Russia Hits Oil Giant
With More Back Taxes
MOSCOW -- Russian tax authorities slapped oil giant Yukos and its main production unit with two new tax claims for nearly $10 billion, raising the company's total bill to more than $17.6 billion, the Interfax news agency reported Monday. The move seems to bring the unit's sale a step closer.
The Tax Ministry gave Yukos a fresh bill for 2002 of $6.7 billion, while its biggest subsidiary -- Yuganskneftegaz -- received new claims amounting to more than $3 billion for 2001 and 2002.
"This is easily higher than we had expected in our worst-case scenario," said Ron Smith, an analyst at Renaissance Capital.
The announcement came on the same day that the investment bank J.P. Morgan Chase & Co. gave Yuganskneftegaz a valuation far above a government-cited starting price for a pending sale. The government wants to sell Yuganskneftegaz to recover the billions of dollars in taxes it says Yukos owes.
The tax case against Yukos and the parallel trial of its jailed former chief executive, Mikhail Khodorkovsky, on fraud and tax evasion charges are widely seen as the Kremlin's revenge for Khodorkovsky's growing political clout.
On Monday, a Moscow court agreed with a request by prosecutors to extend Khodorkovsky's detention by three months until Feb. 14. Prosecutors argued that the Yukos founder might try to flee the country or influence witnesses.
* HELSINKI -- The United States, after receiving "threat information" on the eve of its election, has warned Americans in the Nordic and Baltic states to be extra vigilant.
A State Department spokesman said the information was specific in that it mentioned a particular date but described it as of "uncertain credibility." U.S. officials in Washington noted that the warnings did not rise to the level of a formal State Department travel warning.
State Department spokesman J. Adam Ereli said the warnings were based on "a possible terrorist threat" in Estonia, Finland and Latvia.
Norway shut its embassy in the Latvian capital, Riga, just two days after Latvian police increased security at some embassies and installations, citing a threat from Muslim extremists. The Oslo government said the decision was not linked to the U.S. warning.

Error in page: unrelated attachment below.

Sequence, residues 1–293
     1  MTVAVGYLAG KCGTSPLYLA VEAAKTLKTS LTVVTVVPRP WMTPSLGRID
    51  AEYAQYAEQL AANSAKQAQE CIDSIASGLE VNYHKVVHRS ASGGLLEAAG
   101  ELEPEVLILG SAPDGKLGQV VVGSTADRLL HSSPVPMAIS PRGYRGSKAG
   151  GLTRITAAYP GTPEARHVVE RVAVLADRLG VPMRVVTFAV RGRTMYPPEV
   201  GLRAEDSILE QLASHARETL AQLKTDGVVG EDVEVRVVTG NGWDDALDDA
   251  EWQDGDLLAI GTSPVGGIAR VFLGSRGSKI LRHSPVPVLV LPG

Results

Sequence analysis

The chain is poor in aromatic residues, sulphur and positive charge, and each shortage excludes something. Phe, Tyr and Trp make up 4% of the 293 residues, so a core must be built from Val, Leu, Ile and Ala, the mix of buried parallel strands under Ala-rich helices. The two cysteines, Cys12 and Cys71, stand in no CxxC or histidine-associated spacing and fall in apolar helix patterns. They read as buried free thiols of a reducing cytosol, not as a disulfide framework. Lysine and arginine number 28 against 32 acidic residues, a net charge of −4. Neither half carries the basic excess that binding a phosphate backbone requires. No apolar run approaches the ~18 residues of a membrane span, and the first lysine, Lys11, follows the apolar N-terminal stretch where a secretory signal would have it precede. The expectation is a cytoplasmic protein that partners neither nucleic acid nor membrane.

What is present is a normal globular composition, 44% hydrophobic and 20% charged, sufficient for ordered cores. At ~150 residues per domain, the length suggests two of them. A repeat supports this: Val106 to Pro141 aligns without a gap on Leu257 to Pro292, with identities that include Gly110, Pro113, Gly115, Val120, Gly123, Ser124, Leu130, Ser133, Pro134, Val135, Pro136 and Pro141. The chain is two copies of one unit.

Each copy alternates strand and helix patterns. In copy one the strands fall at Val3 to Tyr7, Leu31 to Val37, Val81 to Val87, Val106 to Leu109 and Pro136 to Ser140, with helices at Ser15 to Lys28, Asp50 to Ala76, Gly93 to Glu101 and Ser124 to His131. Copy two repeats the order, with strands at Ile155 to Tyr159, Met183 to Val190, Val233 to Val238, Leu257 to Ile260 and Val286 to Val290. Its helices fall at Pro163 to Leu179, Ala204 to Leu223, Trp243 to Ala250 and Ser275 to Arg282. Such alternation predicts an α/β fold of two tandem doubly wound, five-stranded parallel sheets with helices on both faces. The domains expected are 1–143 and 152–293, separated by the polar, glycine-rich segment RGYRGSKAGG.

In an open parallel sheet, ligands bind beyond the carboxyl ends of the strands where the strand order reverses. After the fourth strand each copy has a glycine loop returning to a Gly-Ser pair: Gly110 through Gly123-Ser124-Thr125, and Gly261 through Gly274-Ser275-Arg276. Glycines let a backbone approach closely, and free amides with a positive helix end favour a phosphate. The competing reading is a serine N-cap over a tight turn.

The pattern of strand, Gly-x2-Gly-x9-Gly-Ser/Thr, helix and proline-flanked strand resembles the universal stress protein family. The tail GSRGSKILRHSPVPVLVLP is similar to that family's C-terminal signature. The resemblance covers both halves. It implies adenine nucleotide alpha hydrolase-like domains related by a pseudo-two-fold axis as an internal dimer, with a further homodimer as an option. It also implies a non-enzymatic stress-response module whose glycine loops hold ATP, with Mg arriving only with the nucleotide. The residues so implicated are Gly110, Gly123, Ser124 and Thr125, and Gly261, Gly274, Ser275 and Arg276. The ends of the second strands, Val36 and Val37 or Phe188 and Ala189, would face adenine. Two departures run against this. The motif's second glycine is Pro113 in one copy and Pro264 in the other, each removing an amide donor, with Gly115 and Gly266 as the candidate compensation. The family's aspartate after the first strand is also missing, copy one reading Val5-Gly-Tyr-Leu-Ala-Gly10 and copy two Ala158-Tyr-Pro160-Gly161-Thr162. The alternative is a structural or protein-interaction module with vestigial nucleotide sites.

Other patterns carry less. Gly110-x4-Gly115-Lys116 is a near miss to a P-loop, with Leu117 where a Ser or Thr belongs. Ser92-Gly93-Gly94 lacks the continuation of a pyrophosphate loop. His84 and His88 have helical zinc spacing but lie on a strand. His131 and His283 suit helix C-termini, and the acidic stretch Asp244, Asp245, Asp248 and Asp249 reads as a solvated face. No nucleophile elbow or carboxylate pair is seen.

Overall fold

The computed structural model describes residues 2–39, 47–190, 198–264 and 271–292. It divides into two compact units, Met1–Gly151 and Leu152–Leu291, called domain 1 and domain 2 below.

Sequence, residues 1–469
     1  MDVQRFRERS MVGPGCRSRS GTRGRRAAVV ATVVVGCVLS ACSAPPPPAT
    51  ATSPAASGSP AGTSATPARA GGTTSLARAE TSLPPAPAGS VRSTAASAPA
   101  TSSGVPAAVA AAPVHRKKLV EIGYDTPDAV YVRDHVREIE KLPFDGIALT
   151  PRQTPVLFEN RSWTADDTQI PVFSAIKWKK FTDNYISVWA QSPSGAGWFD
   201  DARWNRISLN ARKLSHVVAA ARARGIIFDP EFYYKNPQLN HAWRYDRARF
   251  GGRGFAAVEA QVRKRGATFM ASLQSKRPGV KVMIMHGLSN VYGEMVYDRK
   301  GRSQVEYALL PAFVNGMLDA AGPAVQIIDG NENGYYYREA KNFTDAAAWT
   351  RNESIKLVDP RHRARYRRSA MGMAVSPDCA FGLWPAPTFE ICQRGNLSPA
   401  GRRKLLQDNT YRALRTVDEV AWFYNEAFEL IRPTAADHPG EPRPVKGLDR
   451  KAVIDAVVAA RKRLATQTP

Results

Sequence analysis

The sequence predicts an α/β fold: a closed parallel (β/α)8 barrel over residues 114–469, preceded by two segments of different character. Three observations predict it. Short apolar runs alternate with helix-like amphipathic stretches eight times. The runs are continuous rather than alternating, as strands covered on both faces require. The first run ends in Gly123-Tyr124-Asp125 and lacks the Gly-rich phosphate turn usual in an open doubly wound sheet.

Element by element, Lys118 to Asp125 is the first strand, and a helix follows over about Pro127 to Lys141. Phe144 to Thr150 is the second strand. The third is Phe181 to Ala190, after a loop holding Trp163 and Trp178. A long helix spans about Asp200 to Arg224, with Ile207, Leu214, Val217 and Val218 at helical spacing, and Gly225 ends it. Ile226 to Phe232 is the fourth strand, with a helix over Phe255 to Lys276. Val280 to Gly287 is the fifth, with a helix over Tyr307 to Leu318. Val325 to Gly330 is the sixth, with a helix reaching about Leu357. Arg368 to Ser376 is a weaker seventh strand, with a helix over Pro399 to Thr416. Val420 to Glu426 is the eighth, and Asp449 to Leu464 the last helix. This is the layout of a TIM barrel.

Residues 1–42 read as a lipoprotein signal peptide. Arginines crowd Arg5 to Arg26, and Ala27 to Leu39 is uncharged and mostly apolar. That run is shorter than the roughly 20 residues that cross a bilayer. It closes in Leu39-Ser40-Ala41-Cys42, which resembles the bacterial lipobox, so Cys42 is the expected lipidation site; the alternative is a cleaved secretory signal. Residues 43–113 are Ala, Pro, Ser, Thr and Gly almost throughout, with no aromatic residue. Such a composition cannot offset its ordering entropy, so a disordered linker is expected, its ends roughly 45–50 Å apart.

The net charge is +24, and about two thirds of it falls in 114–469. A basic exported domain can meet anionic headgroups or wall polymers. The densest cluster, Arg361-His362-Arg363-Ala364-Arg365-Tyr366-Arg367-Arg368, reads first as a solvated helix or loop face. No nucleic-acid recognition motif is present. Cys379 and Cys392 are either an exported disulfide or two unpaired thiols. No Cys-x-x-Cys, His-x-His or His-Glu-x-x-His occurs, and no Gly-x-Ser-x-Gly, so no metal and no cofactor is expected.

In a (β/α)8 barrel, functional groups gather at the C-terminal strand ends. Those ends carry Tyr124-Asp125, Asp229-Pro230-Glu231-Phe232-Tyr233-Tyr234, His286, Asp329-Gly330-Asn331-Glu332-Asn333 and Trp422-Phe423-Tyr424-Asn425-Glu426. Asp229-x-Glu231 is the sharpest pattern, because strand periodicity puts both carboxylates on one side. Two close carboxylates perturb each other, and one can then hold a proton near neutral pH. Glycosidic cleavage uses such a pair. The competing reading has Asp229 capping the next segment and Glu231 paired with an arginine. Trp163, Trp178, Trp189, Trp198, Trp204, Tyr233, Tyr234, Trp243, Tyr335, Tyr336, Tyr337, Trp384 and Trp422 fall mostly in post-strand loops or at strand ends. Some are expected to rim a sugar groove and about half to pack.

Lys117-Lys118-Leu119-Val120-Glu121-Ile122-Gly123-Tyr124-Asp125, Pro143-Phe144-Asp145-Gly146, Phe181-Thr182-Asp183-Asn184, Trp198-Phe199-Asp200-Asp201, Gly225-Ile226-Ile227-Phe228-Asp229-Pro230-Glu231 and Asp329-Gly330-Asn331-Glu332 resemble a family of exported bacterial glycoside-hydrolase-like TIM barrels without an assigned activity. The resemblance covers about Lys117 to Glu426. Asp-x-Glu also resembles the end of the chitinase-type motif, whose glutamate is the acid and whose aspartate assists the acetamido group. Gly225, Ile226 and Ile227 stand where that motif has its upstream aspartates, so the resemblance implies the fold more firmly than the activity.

* BANGKOK -- Suspected Muslim militants beheaded a Buddhist village official in southern Thailand and left the head and trunk more than a mile apart, officials said on Tuesday.
Local people found the head of the 58-year-old deputy village chief in a fertilizer bag on a road in Narathiwat province with a handwritten note that said, "A revenge for the innocents of Tak Bai district." It referred to the place where seven Muslim protesters were killed and 78 suffocated or were crushed last week in army trucks after their arrest.
* MONROVIA, Liberia -- At least 18 people died and more than 200 were injured during riots in Liberia's capital last week, the worst outbreak of violence in the West African country since the end of civil war last year.
"As of this morning we had 12 dead in the hospitals, four people were found dead in the street and two were found dead in the lagoon," the country's interim leader, Gyude Bryant, said at a news conference.
Mobs of Christian and Muslim youths armed with sticks and knives fought running battles on Sunday in a suburb of the capital, Monrovia, carrying out revenge attacks for deaths in riots there Friday.
U.N. troops in armored vehicles patrolled the streets Monday alongside Liberian police officers. Many residents stayed inside and schools remained closed, residents said, as religious leaders used radio broadcasts to appeal for calm.
* KHARTOUM, Sudan -- Sudan will implement a protocol dividing its oil riches between the north and south next year, whether or not there is a peace deal to end more than two decades of civil war in the south, the head of the ruling party said.
Asked if the protocol would be implemented with or without a peace deal, Ibrahim Ahmed Omar said, "Yes, starting from next year . . . because we are convinced that this is what the people want."
* LAGOS, Nigeria -- African Anglican bishops, who condemn same-sex marriages and the ordination of gays, resolved to strengthen local training colleges to distinguish their teaching from North American churches that have embraced homosexuality.
In a communique on the last day of a landmark conference, bishops representing more than half the world's 70 million Anglicans said the move reflected the failure of the Western theology to relate to sociopolitical and economic challenges in Africa.
-- From News Services